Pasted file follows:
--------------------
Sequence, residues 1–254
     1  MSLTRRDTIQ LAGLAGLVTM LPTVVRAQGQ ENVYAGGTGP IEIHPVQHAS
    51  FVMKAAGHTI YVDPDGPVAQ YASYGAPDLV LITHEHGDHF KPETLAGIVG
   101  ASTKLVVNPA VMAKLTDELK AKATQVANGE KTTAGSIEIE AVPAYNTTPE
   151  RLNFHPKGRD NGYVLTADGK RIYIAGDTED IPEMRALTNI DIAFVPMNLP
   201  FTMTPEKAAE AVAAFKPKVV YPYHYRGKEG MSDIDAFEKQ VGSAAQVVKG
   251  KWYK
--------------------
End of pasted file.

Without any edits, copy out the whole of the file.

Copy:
Sequence, residues 1–254
     1  MSLTRRDTIQ LAGLAGLVTM LPTVVRAQGQ ENVYAGGTGP IEIHPVQHAS
    51  FVMKAAGHTI YVDPDGPVAQ YASYGAPDLV LITHEHGDHF KPETLAGIVG
   101  ASTKLVVNPA VMAKLTDELK AKATQVANGE KTTAGSIEIE AVPAYNTTPE
   151  RLNFHPKGRD NGYVLTADGK RIYIAGDTED IPEMRALTNI DIAFVPMNLP
   201  FTMTPEKAAE AVAAFKPKVV YPYHYRGKEG MSDIDAFEKQ VGSAAQVVKG
   251  KWYK